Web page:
“On the 20 April, we are scheduled to attend trial in Chios after waiting nine months, trapped on Lesvos, while 30 of our brothers unjustly have waited in prison for this same time period. Our humanity has been denied since we stepped foot in Europe, the supposed cradle of democracy and human rights. . . We are treated like criminals, simply for crossing a border that Europeans can freely cross.” An excerpt from the Statement by 5 of the Moria 35 Defendants.
Today begins the trial of the Moria 35, which will determine the fate of 35 individuals arrested following a protest outside the European Asylum Support Office (EASO) in Moria Refugee Camp on 18 July 2017. The stakes are high in this inherently political trial. The 35 face criminal charges for which they may receive 10 years in prison and probable deportation if found guilty. Continue reading Op-Ed: Moria 35 – Trial at the Gates of Fortress Europe→
On the 16th of March, two families tried to reach Europe through the Aegean Sea, one from Afghanistan, one from Iraq. They left Turkey and swiftly moved toward the Greek island of Agathonisi. But shortly before reaching it, they capsized. A relative of the Afghan family on Samos Island notified the authorities repeatedly, via phone and in person. At that point, many of the shipwrecked could have still been rescued.
Via Spiegel Online(Link in German) –16 refugees died in the Aegean sea one week ago when their boat was sinking in front of the Greek island Agathonisi, in the largest shipwreck in the Aegean this year so far. On board were two families from Afghanistan and Iraq, many children, including a few months old baby, a total of 21 people. But only three adults made it ashore – all children drowned. Two people are still missing.
Via Newsdeeply – On the second anniversary of the E.U.-Turkey deal that curbed refugee boats to Greece, experts from Turkey, Greece and Germany weigh in on the agreement’s impact on refugees and on Europe.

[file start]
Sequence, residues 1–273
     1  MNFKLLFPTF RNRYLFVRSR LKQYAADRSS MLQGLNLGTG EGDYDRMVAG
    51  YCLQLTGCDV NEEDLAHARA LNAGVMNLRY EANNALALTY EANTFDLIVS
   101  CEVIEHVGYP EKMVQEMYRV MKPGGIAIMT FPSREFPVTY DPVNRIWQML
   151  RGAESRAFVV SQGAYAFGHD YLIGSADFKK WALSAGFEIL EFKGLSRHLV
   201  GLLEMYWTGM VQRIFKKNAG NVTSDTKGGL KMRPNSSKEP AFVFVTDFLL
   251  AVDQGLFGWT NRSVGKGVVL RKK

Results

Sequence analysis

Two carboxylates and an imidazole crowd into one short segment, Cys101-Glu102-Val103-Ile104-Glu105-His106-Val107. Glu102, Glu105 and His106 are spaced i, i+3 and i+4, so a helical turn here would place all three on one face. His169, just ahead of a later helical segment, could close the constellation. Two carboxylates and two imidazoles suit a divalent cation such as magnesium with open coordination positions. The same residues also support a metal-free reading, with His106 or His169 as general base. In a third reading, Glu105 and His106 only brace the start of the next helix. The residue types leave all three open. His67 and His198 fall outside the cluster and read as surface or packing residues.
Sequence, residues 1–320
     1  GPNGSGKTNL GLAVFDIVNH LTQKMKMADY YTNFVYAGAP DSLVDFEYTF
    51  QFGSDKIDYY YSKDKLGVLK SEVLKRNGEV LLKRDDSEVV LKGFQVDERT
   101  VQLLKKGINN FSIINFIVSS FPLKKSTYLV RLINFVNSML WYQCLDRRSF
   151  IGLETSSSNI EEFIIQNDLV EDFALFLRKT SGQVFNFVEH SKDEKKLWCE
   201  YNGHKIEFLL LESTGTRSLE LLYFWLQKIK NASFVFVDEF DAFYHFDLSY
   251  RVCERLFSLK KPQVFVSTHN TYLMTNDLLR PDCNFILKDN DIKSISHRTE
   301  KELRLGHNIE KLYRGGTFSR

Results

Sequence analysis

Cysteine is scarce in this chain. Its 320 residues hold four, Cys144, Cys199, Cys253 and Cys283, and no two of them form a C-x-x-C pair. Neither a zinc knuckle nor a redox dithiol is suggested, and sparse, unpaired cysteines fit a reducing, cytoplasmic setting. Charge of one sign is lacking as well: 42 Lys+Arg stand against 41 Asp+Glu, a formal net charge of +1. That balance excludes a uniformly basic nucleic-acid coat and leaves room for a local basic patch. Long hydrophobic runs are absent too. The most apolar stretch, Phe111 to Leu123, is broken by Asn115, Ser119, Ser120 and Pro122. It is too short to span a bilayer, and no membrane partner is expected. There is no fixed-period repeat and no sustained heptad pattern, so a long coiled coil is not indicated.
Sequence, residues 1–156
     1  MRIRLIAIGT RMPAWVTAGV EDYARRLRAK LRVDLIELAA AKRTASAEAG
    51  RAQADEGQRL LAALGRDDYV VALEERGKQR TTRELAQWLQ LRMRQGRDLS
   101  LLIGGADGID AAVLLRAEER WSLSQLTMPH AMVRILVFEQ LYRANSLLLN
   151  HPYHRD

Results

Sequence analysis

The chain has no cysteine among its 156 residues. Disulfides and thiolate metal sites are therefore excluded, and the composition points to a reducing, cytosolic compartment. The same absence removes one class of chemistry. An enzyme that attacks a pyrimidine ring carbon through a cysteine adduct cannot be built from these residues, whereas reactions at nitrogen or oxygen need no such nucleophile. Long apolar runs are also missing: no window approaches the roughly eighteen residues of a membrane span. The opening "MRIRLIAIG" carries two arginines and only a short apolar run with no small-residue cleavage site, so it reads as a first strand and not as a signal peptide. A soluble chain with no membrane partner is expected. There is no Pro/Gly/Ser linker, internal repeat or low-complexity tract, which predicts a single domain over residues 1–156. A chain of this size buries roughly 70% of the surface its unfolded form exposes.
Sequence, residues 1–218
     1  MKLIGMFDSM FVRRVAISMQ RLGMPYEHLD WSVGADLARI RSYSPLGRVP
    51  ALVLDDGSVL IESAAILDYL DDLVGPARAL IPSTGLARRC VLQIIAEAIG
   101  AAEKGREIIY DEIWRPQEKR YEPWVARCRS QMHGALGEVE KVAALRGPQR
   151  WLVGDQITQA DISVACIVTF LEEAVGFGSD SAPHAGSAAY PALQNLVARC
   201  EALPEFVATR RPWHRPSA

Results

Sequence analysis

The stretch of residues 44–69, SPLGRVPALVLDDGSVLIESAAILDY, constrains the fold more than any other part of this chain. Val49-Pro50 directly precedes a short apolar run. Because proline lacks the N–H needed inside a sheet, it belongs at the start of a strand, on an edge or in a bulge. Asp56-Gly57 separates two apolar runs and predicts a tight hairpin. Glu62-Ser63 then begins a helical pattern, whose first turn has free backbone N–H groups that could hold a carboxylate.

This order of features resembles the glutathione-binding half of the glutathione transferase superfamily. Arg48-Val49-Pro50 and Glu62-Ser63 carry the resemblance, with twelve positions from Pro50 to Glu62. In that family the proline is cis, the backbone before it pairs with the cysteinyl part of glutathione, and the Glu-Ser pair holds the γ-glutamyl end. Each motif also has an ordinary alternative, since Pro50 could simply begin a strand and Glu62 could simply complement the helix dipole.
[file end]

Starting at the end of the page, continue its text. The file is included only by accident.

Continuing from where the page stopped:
The E.U.-Turkey statement of March 20, 2016, was a turning point in Europe’s crisis over refugees.
Under the deal, Turkey would prevent boats leaving its shores for Greece, while Athens would return arriving migrants to Turkey. In exchange, the E.U. would increase funding and resettlement for refugees in Turkey, along with other political sweeteners.
Very little of the deal’s original provisions have been implemented, but the number of boats did drop drastically (while continuing to fluctuate, just as the journey continues to be deadly). Coming after 1 million people arrived in Europe in 2015, E.U. policymakers continue to defend the deal as a major success.
At the same time, human rights groups say many of their warnings about the agreement have been realized: Refugees are warehoused in dire conditions on the Greek islands while Turkey threatens a new surge in refugee boats to ward off criticism about its human rights situation.
Via Milliyet(Link in Turkish) – 154 migrants were caught in Dikili, a district of Izmir, while they were trying to cross to the Greek island Lesvos by rubber boats. The Coast Guard teams intervened and intercepted 154 migrants, including women and children, mostly from Syrian, Cameroon, Ghana, Angola and Senegal. They were first brought to the Dikili Coast Guard Command. The International Organization for Migration (IOM) has provided humanitarian assistance for them. It is stated that they will be sent to the Izmir Provincial Directorate of Migration after the proceedings.
Via CNNTürk(Link in Turkish) – According to a statement issued by the Mersin Governor’s Office, teams affiliated to the Coast Guard Mediterranean Region Command spotted the presence of migrants on a moving boat in Kizkalesi, Silifke county.